Nigel Warburton: There’s been a lot of interest in reviving Stoic philosophy recently, particularly the therapeutic aspects of it. I’m skeptical about this, as in my view philosophy is primarily the attempt to understand, and as such is an activity of enquiry. There’s no guarantee that discovering how things are will benefit us psychologically: it might in fact make things much worse. As Friedrich Nietzsche pointed out, it might not even be possible to confront the deeper truths of reality head-on. That would make human existence unbearable. What do you think?
Jules Evans: Personally, I’m not arguing that all philosophy is therapy, but rather that ancient Greeks and Romans viewed philosophy that way, as did many Indian philosophers. They developed various practical techniques which they said would help transform suffering, that were part of a comprehensive ‘philosophy of life’. These techniques weren’t simply positive thinking, rather they argued that we need to see the world as it is, in all its instability and adversity, and accept it. Some of these techniques have now been rediscovered and tested out by empirical psychologists, who have found that they do indeed transform emotional suffering. I want to communicate this as much as possible, because ancient philosophy really can help people overcome suffering – and that’s to the credit of philosophy, which as you know is a much-maligned and under-funded subject these days. Don’t you think the more we communicate that, the higher philosophy’s standing and relevance in the world will be?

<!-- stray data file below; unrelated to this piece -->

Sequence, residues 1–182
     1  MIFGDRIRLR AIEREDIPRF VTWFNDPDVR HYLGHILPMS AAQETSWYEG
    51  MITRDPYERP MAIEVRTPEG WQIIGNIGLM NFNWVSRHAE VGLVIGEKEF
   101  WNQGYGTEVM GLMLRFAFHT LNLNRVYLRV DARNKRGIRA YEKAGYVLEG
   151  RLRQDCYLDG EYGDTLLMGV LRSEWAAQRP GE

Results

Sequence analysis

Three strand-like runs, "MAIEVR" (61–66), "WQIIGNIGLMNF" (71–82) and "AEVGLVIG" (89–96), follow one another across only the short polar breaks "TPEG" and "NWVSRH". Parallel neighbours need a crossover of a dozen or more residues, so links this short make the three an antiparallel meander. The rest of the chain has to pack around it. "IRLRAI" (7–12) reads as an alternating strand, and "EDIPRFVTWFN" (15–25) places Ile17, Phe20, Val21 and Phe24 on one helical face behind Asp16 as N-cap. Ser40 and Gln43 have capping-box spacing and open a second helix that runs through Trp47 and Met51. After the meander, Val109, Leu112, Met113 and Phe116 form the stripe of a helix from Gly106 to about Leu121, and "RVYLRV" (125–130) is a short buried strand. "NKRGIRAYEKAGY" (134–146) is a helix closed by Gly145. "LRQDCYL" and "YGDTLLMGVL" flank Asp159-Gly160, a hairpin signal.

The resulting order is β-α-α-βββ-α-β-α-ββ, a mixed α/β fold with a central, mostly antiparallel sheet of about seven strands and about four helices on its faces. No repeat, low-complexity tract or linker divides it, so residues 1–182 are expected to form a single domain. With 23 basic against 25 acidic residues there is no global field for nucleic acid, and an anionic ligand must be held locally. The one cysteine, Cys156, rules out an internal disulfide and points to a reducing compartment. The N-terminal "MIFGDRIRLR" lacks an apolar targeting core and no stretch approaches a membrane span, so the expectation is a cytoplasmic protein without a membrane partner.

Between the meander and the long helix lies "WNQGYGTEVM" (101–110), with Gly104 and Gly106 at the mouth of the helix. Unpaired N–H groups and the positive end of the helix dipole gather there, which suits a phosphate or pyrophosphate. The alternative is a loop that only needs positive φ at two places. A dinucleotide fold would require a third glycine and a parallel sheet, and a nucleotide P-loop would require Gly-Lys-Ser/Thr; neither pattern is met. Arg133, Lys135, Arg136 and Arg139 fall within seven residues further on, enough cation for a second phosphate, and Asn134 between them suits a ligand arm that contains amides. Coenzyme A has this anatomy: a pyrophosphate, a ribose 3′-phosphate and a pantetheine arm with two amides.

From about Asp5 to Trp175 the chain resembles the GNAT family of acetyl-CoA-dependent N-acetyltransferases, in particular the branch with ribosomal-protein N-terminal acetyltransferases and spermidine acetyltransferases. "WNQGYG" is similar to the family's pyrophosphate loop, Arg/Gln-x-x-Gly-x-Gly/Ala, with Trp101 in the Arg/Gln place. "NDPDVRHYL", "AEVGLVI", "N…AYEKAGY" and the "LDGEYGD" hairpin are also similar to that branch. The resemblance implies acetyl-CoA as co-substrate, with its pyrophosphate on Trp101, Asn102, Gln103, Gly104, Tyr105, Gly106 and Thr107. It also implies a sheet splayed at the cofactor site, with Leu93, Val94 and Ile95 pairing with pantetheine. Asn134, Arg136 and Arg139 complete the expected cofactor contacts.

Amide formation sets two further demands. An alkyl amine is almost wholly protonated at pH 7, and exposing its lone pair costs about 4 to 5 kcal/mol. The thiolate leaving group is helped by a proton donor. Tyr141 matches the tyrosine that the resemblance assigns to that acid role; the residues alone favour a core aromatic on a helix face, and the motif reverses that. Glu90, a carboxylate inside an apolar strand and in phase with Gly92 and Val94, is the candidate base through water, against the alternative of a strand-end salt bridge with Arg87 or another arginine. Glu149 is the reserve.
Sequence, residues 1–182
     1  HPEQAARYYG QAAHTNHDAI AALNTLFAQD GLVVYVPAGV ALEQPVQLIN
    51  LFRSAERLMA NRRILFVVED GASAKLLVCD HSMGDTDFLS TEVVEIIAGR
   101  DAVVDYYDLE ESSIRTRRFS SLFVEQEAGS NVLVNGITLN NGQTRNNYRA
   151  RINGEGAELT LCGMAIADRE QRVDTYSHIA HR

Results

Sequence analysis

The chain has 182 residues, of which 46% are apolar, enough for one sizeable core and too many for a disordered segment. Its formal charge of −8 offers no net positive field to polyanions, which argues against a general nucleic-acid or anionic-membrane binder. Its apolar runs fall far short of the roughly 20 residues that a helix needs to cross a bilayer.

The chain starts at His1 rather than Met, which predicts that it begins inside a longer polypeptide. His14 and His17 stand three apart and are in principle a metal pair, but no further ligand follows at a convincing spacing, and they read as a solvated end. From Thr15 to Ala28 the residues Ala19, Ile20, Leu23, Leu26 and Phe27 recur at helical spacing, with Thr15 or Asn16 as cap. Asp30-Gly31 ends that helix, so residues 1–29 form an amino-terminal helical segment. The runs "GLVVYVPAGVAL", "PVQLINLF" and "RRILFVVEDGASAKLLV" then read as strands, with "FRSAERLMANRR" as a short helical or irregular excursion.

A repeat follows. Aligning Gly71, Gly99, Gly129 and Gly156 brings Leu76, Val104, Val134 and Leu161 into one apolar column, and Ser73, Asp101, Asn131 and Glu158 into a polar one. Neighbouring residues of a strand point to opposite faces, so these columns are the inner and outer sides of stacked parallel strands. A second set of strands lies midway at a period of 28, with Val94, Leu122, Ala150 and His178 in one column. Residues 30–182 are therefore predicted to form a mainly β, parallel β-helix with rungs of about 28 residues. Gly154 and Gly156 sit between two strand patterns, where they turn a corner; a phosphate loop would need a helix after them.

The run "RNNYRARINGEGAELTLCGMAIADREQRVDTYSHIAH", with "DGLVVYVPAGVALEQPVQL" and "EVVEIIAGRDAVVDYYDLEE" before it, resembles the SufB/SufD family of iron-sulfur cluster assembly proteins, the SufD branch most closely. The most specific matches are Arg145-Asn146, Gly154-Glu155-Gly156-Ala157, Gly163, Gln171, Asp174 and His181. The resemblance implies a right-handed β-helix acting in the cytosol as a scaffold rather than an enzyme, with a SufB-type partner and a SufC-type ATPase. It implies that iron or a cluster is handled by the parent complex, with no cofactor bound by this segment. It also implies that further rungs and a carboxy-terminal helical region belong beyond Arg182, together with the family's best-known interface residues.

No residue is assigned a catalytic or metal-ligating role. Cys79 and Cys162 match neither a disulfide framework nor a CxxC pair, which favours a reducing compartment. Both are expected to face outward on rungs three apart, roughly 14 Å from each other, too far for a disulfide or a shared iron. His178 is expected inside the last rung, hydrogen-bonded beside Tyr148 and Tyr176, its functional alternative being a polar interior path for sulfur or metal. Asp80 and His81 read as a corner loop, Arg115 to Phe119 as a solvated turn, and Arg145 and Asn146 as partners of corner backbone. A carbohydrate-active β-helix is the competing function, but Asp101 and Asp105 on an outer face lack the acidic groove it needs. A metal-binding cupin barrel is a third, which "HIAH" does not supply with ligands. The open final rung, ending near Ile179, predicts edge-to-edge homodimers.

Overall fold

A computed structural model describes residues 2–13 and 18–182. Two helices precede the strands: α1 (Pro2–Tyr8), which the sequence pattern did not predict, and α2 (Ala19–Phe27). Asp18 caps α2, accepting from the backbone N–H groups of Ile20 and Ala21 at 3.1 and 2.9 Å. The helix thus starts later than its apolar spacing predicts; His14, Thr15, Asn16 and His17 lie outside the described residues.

Is philosophy therapy, or is it simply a search for truth?